Summing up a life

The funeral was today. As expected, it was difficult. As an empathetic person, I felt sadness all around me. There were pictures of her scrolling on the tv the entire time. And wouldn’t you know it, every single picture of her with a birthday cake in front of her was all smiles of pure joy. This woman loved her birthday and her birthday cake. She loved all desserts, really, Ice cream maybe the very most, but I have never seen her turn down a dessert.

Due to the harsh circumstances of the military, I missed so many funerals. My great aunt, my grandmother, my other grandmother (although it wasn’t that big of a deal to me since she was a terrible person), and I think someone else? But I can’t think of who that was. Someone unimportant, I guess. Maybe if I lived near family where I grew up, I would’ve gone to friends’ parents’ funerals. I did go to a couple of services for people my wife knows, but none of that was open casket stuff. So that made today only my third time being present with an open casket. The first, I was 5, the second, 20, and then…much older than 20 years old. Somehow it doesn’t get easier. It feels surreal.

I remember when I saw my grandfather in the casket when I was 5. He looked like he was sleeping. Girl asked me today if she was sleeping, like could she just whisper “wake up” and she would wake up?

“No,” I said quietly. “She’s not really there. Her soul is gone from her body. Some people think your soul goes to heaven, some people think it’s back with the universe, but whatever a person believes, her soul is gone from her body.”

Girl looked up at me perplexed. “But why does it have to go? Why can’t it just stay here and eat desserts with us?” Cue the tears…

This sweet moment was before the service, but after we’d been there about 45 minutes. Prior to this moment, we had walked in, she threw a fit and refused to talk to me. Boy #3 said she was upset because it was always my wife and me, and they were just left behind. In a moment of no possible way to win, I attempted to explain it to her. That there was no leaving them behind, but that I wasn’t going to force them to walk up to the casket until they were ready, if ever, but at the same time I could not let my wife walk up to the casket alone. I cannot be in two places at once and if they weren’t ready, all they had to do was sit until we were done at this casket. Girl slumped into a chair with her hood up over her head looking down after she told me that she wanted me to leave her alone.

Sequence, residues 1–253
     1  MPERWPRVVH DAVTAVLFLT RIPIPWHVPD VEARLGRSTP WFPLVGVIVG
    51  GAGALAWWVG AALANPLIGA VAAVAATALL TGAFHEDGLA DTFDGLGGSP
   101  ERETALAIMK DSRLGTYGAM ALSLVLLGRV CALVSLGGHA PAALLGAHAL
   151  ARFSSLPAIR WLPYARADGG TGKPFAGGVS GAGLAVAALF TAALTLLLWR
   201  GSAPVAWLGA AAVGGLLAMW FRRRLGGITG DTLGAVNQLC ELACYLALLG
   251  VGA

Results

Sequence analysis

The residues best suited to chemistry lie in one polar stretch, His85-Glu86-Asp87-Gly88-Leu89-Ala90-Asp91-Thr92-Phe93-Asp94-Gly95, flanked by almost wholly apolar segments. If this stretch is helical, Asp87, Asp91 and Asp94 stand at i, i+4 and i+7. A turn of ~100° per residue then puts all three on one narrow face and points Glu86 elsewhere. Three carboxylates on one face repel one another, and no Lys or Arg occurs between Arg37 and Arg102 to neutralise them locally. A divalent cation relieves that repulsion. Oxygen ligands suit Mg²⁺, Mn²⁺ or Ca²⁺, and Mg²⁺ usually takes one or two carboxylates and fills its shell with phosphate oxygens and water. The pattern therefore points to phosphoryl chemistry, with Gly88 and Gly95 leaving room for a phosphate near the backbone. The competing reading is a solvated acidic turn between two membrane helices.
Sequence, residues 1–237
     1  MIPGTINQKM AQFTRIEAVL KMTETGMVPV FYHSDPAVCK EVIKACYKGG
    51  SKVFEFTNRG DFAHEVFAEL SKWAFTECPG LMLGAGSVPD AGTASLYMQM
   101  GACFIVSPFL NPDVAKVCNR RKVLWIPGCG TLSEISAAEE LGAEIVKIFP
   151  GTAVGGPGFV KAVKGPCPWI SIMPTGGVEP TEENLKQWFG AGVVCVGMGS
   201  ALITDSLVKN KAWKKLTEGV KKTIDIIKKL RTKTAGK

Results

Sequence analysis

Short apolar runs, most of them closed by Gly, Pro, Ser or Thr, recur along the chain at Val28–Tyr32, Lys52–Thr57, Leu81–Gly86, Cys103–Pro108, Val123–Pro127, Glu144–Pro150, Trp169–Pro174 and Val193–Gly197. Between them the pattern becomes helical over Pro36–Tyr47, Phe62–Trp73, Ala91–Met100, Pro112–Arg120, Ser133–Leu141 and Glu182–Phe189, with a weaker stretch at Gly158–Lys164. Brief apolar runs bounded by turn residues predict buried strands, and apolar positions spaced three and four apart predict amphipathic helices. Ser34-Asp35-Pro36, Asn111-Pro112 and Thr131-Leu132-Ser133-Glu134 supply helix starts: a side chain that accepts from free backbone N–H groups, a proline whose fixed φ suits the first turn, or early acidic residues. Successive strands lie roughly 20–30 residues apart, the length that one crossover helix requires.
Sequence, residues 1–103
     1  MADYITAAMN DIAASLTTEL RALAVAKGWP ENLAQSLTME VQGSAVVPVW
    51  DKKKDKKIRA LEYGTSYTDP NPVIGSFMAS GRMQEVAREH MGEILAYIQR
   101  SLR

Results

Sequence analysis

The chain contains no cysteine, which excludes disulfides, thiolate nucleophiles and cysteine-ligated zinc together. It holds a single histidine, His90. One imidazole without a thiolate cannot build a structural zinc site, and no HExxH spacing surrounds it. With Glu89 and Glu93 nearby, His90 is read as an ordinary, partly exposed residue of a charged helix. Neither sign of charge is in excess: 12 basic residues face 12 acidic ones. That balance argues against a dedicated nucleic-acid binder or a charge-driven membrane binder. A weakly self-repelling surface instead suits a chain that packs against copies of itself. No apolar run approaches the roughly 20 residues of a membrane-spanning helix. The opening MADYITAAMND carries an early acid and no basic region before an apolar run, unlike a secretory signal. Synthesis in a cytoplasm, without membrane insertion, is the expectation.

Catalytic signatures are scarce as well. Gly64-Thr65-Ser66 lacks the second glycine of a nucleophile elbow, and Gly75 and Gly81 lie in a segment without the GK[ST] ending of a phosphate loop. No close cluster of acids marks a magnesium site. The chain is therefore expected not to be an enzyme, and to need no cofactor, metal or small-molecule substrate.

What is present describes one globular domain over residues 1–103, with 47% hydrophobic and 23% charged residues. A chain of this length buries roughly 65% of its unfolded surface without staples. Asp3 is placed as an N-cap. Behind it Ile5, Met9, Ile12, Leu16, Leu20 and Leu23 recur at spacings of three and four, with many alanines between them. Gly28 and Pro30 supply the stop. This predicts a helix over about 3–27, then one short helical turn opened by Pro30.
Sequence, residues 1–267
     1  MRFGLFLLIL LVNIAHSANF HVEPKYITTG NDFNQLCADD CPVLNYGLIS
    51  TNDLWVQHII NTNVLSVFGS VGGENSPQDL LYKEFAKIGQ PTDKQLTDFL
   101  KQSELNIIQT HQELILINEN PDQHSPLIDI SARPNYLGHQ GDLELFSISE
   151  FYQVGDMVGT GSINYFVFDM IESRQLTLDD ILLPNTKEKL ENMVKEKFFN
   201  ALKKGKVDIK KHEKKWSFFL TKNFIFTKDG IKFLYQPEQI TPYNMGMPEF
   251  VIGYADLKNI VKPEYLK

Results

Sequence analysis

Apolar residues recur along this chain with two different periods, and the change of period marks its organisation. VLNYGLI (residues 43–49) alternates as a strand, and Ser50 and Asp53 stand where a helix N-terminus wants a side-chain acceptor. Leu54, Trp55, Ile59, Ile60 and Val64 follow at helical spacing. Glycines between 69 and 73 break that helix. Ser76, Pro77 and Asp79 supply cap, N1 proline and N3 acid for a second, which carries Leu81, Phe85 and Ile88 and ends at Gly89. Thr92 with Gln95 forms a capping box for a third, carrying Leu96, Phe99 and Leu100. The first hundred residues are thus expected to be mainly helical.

We eventually found seats for the service and I bribed Girl to come forward with my phone. She angrily sat down and then my wife’s step-father came over to see how he could help. He took her for a walk and they talked about candy and what was going on and he returned her in an improved mood. At that point, Boy #3 had started to cry. So off he went with Nicest Man in the World to talk about candy, death, and whatever the heck else. Girl turned to me and wanted to go to the casket. It was unexpected, but I gladly took her up there, telling her that she only has to get as close as she wants to. To my surprise she stepped right up.

I tried not to think about all the services in her future. Her grandparents, aunts, uncles, us. You don’t want to think about that pain she will face in the future. But it still crossed my mind.